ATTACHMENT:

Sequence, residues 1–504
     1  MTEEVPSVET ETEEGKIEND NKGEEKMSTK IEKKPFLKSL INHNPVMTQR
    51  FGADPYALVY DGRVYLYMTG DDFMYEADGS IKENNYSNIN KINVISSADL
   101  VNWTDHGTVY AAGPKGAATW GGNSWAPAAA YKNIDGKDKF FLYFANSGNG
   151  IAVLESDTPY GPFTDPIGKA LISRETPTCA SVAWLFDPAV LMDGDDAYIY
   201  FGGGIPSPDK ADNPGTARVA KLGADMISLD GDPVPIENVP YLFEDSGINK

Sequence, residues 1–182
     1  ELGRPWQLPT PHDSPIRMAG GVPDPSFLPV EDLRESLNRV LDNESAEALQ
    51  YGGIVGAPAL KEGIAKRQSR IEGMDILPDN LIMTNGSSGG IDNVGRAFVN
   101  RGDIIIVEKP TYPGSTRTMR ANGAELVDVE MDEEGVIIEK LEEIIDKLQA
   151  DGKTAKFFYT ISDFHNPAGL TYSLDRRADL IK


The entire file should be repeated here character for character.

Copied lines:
Sequence, residues 1–504
     1  MTEEVPSVET ETEEGKIEND NKGEEKMSTK IEKKPFLKSL INHNPVMTQR
    51  FGADPYALVY DGRVYLYMTG DDFMYEADGS IKENNYSNIN KINVISSADL
   101  VNWTDHGTVY AAGPKGAATW GGNSWAPAAA YKNIDGKDKF FLYFANSGNG
   151  IAVLESDTPY GPFTDPIGKA LISRETPTCA SVAWLFDPAV LMDGDDAYIY
   201  FGGGIPSPDK ADNPGTARVA KLGADMISLD GDPVPIENVP YLFEDSGINK

Sequence, residues 1–182
     1  ELGRPWQLPT PHDSPIRMAG GVPDPSFLPV EDLRESLNRV LDNESAEALQ
    51  YGGIVGAPAL KEGIAKRQSR IEGMDILPDN LIMTNGSSGG IDNVGRAFVN
   101  RGDIIIVEKP TYPGSTRTMR ANGAELVDVE MDEEGVIIEK LEEIIDKLQA
   151  DGKTAKFFYT ISDFHNPAGL TYSLDRRADL IK